Mark Herring Wants To Put His Weed In There

Perhaps he ought to ask around before pulling an election year stunt two full years before a gubernatorial election?


Virginia Attorney General Mark Herring might be looking to try on a new campaign slogan: “Purple Haze”.

So goes the story from WTOP as Herring — with elections in 2021 in mind and a blackface scandal of his own to worry about — desperately is trying to shift the narrative away from racist to redemption:

Herring said he believes that prosecuting marijuana possession cases is costing the state a lot of money, which he believes can be better spent elsewhere.

He also believes marijuana cases are needlessly creating criminals and disproportionately affecting African Americans.

“Criminalizing marijuana possession is not working,” Herring said.

Of course, Virginia’s law enforcement professionals have another thing to say about that, indicating that a blanket lift of marijuana laws will impact other drug abuse crisis events in Virginia — heroin and opioid abuse respectively.  From WTOP:

Dana Schrad, executive director for the Virginia Association of Chiefs of Police, said her organization cannot support a push to decriminalize the drug.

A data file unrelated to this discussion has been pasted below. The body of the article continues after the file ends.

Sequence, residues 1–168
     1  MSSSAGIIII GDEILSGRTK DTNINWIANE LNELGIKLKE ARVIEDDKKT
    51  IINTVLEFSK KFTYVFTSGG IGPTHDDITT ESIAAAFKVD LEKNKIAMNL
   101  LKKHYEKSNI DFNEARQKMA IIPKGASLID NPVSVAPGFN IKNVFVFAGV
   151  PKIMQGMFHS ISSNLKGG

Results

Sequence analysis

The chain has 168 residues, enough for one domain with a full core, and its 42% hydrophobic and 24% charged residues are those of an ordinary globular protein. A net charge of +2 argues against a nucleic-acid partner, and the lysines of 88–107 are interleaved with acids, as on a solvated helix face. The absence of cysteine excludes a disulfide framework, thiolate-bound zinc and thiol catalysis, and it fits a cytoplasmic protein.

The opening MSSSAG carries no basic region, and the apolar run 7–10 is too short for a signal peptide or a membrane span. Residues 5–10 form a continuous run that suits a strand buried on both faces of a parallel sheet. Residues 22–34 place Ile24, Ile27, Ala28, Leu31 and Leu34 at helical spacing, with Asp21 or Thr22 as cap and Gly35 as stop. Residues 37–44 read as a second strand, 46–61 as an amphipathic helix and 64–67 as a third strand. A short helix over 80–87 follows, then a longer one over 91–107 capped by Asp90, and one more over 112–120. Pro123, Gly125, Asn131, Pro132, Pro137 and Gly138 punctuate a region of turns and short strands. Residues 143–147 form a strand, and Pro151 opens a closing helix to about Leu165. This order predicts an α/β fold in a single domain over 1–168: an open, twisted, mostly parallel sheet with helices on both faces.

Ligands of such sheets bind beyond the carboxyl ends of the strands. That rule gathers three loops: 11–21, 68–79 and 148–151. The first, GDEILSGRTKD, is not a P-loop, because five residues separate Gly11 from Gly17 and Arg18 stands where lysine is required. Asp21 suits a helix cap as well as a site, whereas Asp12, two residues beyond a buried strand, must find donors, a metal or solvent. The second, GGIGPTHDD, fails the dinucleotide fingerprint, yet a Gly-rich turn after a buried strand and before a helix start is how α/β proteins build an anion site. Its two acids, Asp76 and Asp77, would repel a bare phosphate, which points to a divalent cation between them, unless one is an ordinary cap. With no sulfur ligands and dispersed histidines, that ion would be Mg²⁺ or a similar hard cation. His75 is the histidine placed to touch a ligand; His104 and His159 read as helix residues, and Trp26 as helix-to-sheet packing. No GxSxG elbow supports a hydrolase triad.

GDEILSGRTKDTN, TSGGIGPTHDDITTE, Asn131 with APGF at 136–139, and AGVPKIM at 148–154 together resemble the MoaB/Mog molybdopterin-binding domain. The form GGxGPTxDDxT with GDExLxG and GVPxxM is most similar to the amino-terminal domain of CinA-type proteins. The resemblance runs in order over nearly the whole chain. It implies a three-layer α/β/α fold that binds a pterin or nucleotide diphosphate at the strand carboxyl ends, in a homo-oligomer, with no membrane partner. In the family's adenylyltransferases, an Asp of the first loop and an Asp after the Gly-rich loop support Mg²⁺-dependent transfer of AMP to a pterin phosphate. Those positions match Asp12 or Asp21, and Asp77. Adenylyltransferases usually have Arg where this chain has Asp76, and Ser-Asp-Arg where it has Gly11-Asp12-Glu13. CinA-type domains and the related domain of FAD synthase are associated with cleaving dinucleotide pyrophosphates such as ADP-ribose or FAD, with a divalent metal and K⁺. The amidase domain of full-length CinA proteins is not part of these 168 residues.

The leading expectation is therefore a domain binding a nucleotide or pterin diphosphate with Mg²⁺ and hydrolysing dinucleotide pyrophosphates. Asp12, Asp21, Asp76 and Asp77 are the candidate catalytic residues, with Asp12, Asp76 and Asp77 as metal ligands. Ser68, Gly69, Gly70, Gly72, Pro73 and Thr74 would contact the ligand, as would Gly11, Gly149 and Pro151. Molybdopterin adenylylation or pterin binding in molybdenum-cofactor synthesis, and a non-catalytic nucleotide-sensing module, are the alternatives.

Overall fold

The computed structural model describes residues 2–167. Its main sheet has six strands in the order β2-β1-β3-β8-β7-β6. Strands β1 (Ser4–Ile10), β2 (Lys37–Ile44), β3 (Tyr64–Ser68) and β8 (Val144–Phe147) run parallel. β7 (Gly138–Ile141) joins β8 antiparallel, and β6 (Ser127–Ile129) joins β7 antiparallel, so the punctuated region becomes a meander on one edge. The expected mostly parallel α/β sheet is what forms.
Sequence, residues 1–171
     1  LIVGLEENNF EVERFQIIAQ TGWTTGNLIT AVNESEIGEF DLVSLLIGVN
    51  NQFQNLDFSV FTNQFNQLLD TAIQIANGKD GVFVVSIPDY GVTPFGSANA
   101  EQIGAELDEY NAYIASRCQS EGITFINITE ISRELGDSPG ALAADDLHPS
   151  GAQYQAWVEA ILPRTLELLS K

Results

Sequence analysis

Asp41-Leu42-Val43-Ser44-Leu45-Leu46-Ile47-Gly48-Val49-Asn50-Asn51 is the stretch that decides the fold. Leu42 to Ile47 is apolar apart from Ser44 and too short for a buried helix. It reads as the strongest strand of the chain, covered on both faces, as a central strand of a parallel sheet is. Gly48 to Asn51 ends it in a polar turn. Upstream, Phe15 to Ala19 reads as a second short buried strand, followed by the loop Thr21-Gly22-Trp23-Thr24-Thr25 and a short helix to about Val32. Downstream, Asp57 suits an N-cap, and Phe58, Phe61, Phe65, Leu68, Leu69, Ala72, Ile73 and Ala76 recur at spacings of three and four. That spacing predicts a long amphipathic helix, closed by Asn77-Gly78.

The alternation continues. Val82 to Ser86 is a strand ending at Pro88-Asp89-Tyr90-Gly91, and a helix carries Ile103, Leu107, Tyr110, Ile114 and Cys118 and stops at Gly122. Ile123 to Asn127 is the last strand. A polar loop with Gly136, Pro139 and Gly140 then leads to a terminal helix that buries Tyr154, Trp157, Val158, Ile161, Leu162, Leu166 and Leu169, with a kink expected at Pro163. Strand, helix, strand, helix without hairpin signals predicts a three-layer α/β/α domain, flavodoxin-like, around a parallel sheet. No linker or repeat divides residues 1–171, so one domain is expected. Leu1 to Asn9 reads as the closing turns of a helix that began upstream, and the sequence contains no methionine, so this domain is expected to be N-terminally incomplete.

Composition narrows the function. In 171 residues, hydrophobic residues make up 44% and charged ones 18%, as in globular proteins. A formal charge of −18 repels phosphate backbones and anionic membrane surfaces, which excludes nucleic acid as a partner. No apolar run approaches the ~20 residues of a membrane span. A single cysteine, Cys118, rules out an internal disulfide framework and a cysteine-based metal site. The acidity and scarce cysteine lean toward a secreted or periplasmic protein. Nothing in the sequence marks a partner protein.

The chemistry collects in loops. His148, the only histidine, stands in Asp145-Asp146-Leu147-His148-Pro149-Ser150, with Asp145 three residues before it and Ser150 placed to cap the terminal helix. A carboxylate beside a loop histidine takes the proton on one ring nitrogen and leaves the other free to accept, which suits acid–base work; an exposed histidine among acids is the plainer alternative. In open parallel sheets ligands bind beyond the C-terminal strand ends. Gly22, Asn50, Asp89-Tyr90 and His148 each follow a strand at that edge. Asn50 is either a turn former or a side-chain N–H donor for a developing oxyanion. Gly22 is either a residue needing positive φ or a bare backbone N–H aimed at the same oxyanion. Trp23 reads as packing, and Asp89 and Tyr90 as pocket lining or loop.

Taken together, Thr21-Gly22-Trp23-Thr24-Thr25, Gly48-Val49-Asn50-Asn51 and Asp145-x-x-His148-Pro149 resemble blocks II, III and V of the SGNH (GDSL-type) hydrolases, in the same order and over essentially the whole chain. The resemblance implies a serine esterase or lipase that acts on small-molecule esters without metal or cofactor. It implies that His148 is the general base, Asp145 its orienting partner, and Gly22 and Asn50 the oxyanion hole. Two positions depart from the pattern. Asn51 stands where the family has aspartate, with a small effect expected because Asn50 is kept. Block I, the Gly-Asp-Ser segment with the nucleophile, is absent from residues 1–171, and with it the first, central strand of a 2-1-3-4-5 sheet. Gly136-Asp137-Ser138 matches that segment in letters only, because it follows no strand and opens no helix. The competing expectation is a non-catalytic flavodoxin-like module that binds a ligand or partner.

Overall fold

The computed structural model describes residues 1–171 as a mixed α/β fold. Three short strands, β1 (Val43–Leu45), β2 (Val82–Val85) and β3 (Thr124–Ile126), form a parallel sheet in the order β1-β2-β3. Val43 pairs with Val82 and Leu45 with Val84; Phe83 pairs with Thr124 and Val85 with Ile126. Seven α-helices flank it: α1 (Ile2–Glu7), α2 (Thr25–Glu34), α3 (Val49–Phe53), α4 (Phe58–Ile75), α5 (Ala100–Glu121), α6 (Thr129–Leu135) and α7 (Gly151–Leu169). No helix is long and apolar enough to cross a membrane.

“It’s a great deal of conflict for law enforcement to have decriminalization at the state level when something is still against the law in federal criminal code,” Schrad said.

Whether Herring’s newfound love of the ‘dankest of the dank’ is heartfelt or half-cut remains to be seen.  After all, this was not an issue Herring dared to make a hallmark of his candidacy for Attorney General.

More concerning, of course, is that marijuana legalization is what Herring believes African-American communities want to hear, as if this and not say — better schools or better job opportunities — were the focus of black Virginians.

Perhaps he ought to ask around before pulling an election year stunt two full years before a gubernatorial election?  Or better still, do something that might actually have more support in black urban communities rather than white suburban ones?

Alas, these are hard solutions.  Ones that politicians shy away from, but statesmen are required to take up.

Thus, shocking no one, Herring fails yet another test of leadership.